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  • Writer's pictureRev. Joel L. Tolbert

Lets Do This

Oasis – Palm Sunday, Week 6 of 6 in a Lenten sermon series on the way God provides more than enough even in the deserts of life, preached Apr 2, 2023 at the 9:30am Worship service


For Lent, our sermon series has been called, “Oasis.” Each week, we’ve highlighted one biblical character, looking for how God generously provides more than enough in the deserts of life.

  1. Jesus, in the desert, faced three voices and God tended to him and led him out.

  2. Moses led the people out of slavery into the desert. They complained, but God kept providing manna, water, and quail every day.

  3. Hagar was abused and banished to the desert, and God cared for her and her child and made a great nation of God from them.

  4. Elijah fled to the desert and found himself fed and cared for by a starving widow.

  5. Abigail ran to David in the wilderness to stop his vengeance, end a war before it began, and save a family.

  6. Today, the story is about more than one person. Jesus, his disciples, and a crowd of people, Jews and Greeks all merge at the city gates, where the desert meets civilization.

Let’s pray and listen for the word of the Lord…

Scripture John 12:12-30

12 The next day a great crowd had come to the festival (and) heard that Jesus was coming to Jerusalem. 13 So they took branches of palm trees and went out to meet him, shouting,

“Hosanna! Blessed is the one who comes in the name of the Lord — the King of Israel!”

14 Jesus found a young donkey and sat on it, as it is written:

15 “Do not be afraid, daughter of Zion. Look, your king is coming, sitting on a donkey’s colt!”

16 His disciples did not understand these things at first, but (later) when Jesus was glorified, then they remembered that these things had been written of him and had been done to him.

17 (Meanwhile) the crowd that had been with him, when he called Lazarus out of the tomb and raised him from the dead, continued to testify (to what Jesus had been doing).[c] 18 It was also because they heard that he had performed this sign that the crowd went to meet him. 19 The Pharisees then said to one another, “You see, you can do nothing. Look, the world is following him!”

20 Now among those who went up to worship at the festival were some Greeks. 21 They came to Philip, who was from Bethsaida in Galilee, and said to him, “Sir, we wish to see Jesus.” 22 Philip went and told Andrew, then Andrew and Philip went and told Jesus. 23 Jesus answered them, “The hour has come for the Son of Man to be glorified. 24 Very truly, I tell you, unless a grain of wheat falls into the earth and dies, it remains just a single grain, but when it dies it bears much fruit. 25 Anyone who loves their life loses it, and those who hate their life in this world will keep it for eternal life. 26 Whoever serves me must follow me, and where I am, there my servant will be also. Whoever serves me, the Father will honor…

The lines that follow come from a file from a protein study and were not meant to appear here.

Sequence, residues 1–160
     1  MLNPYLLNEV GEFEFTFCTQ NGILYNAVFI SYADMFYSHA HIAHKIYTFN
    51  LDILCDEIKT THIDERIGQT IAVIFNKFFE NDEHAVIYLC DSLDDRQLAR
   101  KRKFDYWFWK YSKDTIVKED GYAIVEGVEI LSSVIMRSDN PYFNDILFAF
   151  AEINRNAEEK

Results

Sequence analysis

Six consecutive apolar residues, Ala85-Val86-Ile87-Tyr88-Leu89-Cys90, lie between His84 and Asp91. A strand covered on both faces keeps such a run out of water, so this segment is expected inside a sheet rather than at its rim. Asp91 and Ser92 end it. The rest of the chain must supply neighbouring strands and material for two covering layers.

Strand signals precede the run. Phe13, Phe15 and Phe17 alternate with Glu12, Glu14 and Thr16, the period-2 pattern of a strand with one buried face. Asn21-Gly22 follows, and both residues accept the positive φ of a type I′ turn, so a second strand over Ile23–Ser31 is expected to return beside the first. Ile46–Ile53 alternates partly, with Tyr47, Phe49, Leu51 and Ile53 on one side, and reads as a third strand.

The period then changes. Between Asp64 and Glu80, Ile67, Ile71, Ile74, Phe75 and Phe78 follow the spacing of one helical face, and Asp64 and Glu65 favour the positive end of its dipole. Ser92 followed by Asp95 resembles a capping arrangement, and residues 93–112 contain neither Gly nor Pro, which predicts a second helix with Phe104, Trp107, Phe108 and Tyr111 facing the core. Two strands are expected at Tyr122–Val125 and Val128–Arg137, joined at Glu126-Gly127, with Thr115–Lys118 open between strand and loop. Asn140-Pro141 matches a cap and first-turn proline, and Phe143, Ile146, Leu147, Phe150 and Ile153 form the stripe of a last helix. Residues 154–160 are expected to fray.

27 “And now, my soul is troubled. And what should I say: ‘Father, save me from this hour’? No, it is for this reason that I have come to this hour. (So I say,) 28 Father, glorify your name.”

Then a voice came from heaven, “I have glorified it, and I will glorify it again.”

29 The crowd standing there heard it and said that it was thunder. Others said, “An angel has spoken to him.” 30 Jesus answered, “This voice has come for your sake, not for mine.”

This too is the word of the Lord. (Thanks be to God.)

Sermon Follow the Crowd

The Greeks were coming to worship. Greeks were the outsiders, the foreigners. They looked and talked differently. They were aware and self-conscious of how insiders saw them, so they didn’t just walk up. They first observed from a distance and then made an educated guess.

They came to Philip, who was a Greek, like them. He was from Bethsaida. They could tell. They hoped maybe Philip would understand and help them. Maybe Philip had navigated the oddities of being an outsider who makes it in, a Greek student of a Jewish Rabbi, and would coach them. Lately, the way Jesus was disrupting the insider circles, the pushback on Jesus and all his followers was growing. Still, they wanted in. So they came to Philip and asked… "Sir, we would like to see Jesus."

Philip turns to Andrew, also a Greek. The two of them strategize how to do this, how to include more outsiders in the following without causing more stress in the system. Philip and Andrew want to include them. They know the Messiah is bigger than all of the worrying and fuss and turf battles. Something huge is happening. But Philip and Andrew also know Jesus brings an uncomfortable collision of cultures and expectations, and people get hurt or angry.

Jesus’ strange little parables dare traditionalists to set down old ways. But they hate to do that. It almost feels like to them that if they let go of the way they’ve always done it, their traditions now, then everything they’ve done before was a waste.

On top of that, Jesus keeps giving so much attention and time to the unworthy, unclean, the sinners, the outsiders, instead of the holy, the regulars, the members, the insiders, it making the insiders feel like there’s no benefit for begin good and faithful all these years.